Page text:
• Take breaks from stress: Don’t battle stress incessantly. It will wear you down and out. Instead, inject stress breaks such as exercising, socializing, relaxing, and standing up instead of sitting for hours on end. By withdrawing from stress, you’ll give you body and mind a chance to recover and replenish its resources for your next high-stress episode.

Finally, as you try to learn more about your own personal stress levels and to adopt coping mechanisms, don’t forget to focus only on things you control. John Anderson, managing director of Practice Management Solutions for the SEI Advisor Network, reminds agents and advisors they don’t control . . .

  • Markets or the economy.
  • Political announcements such as tariffs that can spark big swings in the market or when large companies adjust their forward earnings projections.
  • Who will be the next president of the United States and what that person will do in terms of regulations and policies?

But Anderson says they can:

  • Craft their own business plans and set realistic goals. This means knowing your key deliverables, what your clients want, how you plan to grow, and what specific actions you’ll take to produce that growth.
  • Define a niche for their firm, along with a unique value proposition that can inform their marketing and sales strategies.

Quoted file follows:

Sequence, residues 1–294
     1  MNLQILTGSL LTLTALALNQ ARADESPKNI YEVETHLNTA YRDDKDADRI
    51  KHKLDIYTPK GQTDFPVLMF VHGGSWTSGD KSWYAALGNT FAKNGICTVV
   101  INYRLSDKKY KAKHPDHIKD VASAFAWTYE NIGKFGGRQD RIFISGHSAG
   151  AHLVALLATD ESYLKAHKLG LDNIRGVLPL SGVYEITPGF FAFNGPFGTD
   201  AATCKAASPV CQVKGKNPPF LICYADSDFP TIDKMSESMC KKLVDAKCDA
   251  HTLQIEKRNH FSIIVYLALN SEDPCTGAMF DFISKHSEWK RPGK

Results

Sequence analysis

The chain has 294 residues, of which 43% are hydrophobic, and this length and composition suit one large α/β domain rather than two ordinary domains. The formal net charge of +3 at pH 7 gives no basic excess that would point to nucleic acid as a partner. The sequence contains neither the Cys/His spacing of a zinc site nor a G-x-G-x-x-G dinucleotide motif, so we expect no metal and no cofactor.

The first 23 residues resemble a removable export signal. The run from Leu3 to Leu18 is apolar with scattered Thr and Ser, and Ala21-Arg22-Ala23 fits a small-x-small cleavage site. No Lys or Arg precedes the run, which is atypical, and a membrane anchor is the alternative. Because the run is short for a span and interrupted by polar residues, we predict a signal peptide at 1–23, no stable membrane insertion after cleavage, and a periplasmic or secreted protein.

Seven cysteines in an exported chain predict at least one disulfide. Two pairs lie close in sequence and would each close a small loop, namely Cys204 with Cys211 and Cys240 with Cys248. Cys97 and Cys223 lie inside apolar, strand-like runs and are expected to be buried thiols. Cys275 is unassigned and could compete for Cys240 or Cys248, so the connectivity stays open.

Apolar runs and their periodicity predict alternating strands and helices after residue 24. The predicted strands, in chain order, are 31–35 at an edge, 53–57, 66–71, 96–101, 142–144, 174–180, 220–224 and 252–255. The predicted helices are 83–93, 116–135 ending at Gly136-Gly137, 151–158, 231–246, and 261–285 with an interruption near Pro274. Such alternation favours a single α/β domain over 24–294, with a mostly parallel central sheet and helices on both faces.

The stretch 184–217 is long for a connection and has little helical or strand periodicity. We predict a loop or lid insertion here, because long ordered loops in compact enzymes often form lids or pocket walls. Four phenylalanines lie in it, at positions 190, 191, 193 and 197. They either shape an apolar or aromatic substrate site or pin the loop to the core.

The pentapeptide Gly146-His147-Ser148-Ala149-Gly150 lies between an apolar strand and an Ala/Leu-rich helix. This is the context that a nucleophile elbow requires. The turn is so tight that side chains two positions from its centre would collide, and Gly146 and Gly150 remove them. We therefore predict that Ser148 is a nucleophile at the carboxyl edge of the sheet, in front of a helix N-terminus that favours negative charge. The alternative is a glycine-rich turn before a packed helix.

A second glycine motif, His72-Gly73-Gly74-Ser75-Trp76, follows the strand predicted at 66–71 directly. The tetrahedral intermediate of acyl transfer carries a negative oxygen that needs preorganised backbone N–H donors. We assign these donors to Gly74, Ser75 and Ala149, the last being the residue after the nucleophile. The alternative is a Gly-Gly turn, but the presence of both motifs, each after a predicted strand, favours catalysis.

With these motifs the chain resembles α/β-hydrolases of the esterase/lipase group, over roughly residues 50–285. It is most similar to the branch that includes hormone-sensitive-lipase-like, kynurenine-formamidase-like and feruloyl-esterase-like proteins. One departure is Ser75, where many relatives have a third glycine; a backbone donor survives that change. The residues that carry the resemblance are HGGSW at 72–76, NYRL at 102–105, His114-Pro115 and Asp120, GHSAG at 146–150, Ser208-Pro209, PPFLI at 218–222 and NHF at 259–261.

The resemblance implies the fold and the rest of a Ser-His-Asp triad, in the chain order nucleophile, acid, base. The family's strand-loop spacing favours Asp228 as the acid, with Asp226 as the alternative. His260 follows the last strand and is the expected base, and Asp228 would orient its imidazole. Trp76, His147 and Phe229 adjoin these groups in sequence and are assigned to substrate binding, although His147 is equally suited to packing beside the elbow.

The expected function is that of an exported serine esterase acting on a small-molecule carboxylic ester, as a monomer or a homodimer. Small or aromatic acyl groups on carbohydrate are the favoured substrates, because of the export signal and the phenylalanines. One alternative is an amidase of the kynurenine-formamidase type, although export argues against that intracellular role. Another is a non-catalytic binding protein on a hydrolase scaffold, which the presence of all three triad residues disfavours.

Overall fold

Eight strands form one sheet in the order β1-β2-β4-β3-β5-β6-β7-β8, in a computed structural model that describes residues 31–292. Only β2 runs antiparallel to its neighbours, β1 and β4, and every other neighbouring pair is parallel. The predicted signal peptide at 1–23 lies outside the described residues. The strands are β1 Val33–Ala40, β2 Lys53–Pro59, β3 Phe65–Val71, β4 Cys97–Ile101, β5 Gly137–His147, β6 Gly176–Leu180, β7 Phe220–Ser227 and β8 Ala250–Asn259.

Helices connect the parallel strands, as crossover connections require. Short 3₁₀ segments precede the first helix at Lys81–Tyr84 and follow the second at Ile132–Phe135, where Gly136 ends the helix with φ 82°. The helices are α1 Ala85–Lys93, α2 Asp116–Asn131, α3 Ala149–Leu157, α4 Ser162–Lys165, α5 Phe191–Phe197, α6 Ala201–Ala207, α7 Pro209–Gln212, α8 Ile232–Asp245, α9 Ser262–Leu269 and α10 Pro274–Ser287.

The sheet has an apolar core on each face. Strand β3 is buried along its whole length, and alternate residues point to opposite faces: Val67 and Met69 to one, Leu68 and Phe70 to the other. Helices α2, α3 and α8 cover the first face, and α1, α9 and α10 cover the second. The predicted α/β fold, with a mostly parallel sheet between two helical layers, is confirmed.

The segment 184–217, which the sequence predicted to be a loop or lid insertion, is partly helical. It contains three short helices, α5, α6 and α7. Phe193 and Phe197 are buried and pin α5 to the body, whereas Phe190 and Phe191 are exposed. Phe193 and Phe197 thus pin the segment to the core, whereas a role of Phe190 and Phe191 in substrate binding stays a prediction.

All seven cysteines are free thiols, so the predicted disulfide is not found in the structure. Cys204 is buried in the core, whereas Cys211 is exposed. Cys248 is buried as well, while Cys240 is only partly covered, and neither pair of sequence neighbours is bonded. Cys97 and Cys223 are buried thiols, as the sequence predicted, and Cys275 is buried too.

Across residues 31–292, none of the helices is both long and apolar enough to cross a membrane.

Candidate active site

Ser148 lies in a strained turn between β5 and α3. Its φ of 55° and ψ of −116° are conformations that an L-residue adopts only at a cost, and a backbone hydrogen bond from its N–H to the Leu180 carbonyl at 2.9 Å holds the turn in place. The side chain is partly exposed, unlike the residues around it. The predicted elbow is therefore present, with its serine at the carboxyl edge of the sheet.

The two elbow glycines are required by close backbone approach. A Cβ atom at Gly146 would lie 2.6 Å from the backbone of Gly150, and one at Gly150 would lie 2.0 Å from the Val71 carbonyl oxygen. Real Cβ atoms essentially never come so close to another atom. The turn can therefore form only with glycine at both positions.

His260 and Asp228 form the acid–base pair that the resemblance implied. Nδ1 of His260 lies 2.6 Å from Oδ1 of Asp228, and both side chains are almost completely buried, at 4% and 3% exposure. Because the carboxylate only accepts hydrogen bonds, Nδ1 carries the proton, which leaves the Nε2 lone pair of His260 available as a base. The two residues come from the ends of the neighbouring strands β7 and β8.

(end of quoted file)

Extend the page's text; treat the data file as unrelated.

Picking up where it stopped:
• Outsource non-core client services to skilled third parties, allowing them to focus on true value-added services.
  • Develop their own personal financial plan, which will likely reduce stress just as it does with clients.
  • Revisit their technology resources, weeding out those that have failed to improve application integration.

“I’m not suggesting the environment will get any easier or that outside influences will lower advisors’ stress level,” says SEI Advisor Network’s John Anderson. “But I do think that controlling the internal symptoms of stress can only help. Controlling what you can control is a great start.”

Nurture your health

So is doing a better job of nurturing basic health, says Dr. Jack Singer, psychologist and author of the Financial Advisor’s Ultimate Stress Mastery Guide.”  He cites The Mayo Clinic’s guidelines for maintaining one’s energy and immune system. The clinic prescribes . . .

  • 10 to 20 minutes of daily reflection
  • Half an hour of exercise
  • At least seven hours sleep
  • A balanced diet that includes vegetables, fruit, and whole grains

Singer says that once you have these basics covered, you can delve more deeply into understanding and managing your own stress. A key part of this is trying not to talk negatively to your self—i.e., not over-reacting to temporary setbacks or blaming yourself for honest mistakes. Instead, practice the American Heart Association’s positive self-talk techniques. Here are some examples of “reframing”:

Don’t say: “I can’t do this.”
Say: “I'll do the best I can.”

Don’t say: “Everything is going wrong.”
Say: “I can handle this if I take one step at a time.”

Don’t say: “I hate it when this happens.”
Say: “I know how to deal with this; I’ve done it before.”

Don’t say: “I feel helpless and alone.”
Say: “I can reach out and get help if I need it.”

Don’t say: “I can’t believe I screwed up.”
Say: “I’m human, and we all make mistakes. I can fix it.”

Finally, at the end of the day, The War on Stress report challenges agents and advisors to tackle the challenge of reducing stress before stress reduces them. “Whether it’s how you plan your day, construct your life, or react to events around you, never forget that you are in control,” the report concludes. “Begin developing a strategy for maintaining a healthy balance today.”